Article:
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When Bibliometrics Are a Matter of Life and Death



(p. 51) . . . it is essential, if at all possible, to have a go-to physician expert and authority when one has a newly diagnosed, serious condition, such as a brain or, neurologic conditions like multiple sclerosis and Parkinson's disease, heart valve abnormality. How do you find that individual doctor?

In order to leverage the Internet and gain access to state-of-the-art expertise, you need to identify the physician who conducts the leading research in the field. Let's pick pancreatic cancer as an example of a serious condition that often proves to be rapidly fatal. The first step is to go to Google Scholar and find the top-cited articles for that condition by typing in "pancreatic cancer." They are generally listed in order by descending number of citations. Look for the senior, last author of the articles. The last author of the top-listed paper in the Journal of Clinical Oncology from 1997 is Daniel D. Von Hoff, with over 2,000 citations ("cited by ... " appears at the end of each hit). Now you may have identified an expert. Enter "Daniel Von Hoff" into PubMed (www.ncbi.nlm.nih.gov/sites/pubmed) to see how many papers he has published: 567. Most are related to pancreatic cancer or cancer research.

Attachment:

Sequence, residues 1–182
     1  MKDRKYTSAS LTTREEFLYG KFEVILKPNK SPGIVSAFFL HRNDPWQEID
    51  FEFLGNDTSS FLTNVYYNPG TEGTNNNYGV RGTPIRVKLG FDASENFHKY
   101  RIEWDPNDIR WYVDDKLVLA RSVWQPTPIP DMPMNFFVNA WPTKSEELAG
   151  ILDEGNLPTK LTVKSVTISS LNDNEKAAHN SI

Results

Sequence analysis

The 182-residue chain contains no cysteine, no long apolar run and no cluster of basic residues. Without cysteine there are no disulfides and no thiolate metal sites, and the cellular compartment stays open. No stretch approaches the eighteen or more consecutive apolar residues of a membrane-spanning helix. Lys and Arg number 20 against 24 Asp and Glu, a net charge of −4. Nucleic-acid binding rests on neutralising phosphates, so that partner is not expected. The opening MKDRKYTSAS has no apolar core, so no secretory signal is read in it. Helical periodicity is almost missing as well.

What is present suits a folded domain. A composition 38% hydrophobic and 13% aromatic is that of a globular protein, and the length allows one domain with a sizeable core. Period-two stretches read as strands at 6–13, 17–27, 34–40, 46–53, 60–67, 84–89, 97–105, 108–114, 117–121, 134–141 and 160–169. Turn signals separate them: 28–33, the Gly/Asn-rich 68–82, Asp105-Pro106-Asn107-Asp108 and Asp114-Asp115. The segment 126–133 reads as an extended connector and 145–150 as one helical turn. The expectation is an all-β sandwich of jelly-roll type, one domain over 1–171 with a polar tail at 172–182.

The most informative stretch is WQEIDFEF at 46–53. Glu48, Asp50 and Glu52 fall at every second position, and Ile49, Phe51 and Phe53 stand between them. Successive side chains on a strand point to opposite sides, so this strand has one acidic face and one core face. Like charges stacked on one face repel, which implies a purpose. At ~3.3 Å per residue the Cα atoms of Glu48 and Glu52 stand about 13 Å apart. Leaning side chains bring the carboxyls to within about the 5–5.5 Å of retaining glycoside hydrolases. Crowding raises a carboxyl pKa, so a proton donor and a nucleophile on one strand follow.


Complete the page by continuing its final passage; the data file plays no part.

(p. 52) Now go back to Google Scholar and enter his name, and you'll see over 24,000 hits--this number includes papers that cite his work. There are some problems with these websites, since getting citations by other peer-reviewed publications takes time; if a breakthrough paper is published, it will be years to accumulate hundreds, if not thousands, of citations. Thus, the lag time or incubation phase of citations may result in missing a rising star. If it is a common name, there may be admixture of citations of different researchers with the same name, albeit different topics, so it is useful to enter in all elements including the middle initial and to scan the topic list to alleviate that problem. For perspective, a paper that has been cited 1,000 times by others is rare and would be considered a classic. In this example, the top paper by Von Hoff in 1997 is a long time ago, and he is no longer at the University of Texas, San Antonio-he moved to Phoenix, Arizona. How would you find that out? Look for Daniel D. Von Hoff using a search engine such as Google or Bing, and look up his profile on Wikipedia. Without any help from any doctor, you will have found the country's leading authority on pancreatic cancer. And you will have also identified some backups at Johns Hopkins using the same methodology.




Source:

Topol, Eric. The Creative Destruction of Medicine: How the Digital Revolution Will Create Better Health Care. New York: Basic Books, 2012.

(Note: initial ellipsis added; parenthetical ellipsis in original.)






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